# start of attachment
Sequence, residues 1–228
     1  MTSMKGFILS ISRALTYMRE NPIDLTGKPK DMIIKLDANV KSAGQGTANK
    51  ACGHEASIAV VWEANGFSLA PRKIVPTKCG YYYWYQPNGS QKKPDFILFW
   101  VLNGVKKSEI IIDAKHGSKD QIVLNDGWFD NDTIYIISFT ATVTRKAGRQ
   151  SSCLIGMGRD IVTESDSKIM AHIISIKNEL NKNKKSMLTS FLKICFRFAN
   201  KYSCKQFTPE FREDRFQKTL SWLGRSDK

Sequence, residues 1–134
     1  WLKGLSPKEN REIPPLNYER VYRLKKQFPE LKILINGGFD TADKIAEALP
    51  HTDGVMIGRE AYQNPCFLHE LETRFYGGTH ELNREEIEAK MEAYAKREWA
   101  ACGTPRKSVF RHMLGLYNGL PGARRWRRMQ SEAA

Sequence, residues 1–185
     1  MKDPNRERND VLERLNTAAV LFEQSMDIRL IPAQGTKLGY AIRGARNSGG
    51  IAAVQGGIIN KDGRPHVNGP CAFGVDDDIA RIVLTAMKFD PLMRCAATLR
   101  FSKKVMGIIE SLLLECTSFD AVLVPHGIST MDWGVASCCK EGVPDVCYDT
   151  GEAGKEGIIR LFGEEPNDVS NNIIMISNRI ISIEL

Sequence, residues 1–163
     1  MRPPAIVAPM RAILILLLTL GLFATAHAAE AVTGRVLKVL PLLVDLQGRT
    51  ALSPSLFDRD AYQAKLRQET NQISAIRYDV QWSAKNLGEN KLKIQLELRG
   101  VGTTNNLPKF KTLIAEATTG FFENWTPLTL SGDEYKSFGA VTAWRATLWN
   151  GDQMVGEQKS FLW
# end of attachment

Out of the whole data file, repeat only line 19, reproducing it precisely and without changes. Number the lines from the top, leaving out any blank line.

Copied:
   101  VGTTNNLPKF KTLIAEATTG FFENWTPLTL SGDEYKSFGA VTAWRATLWN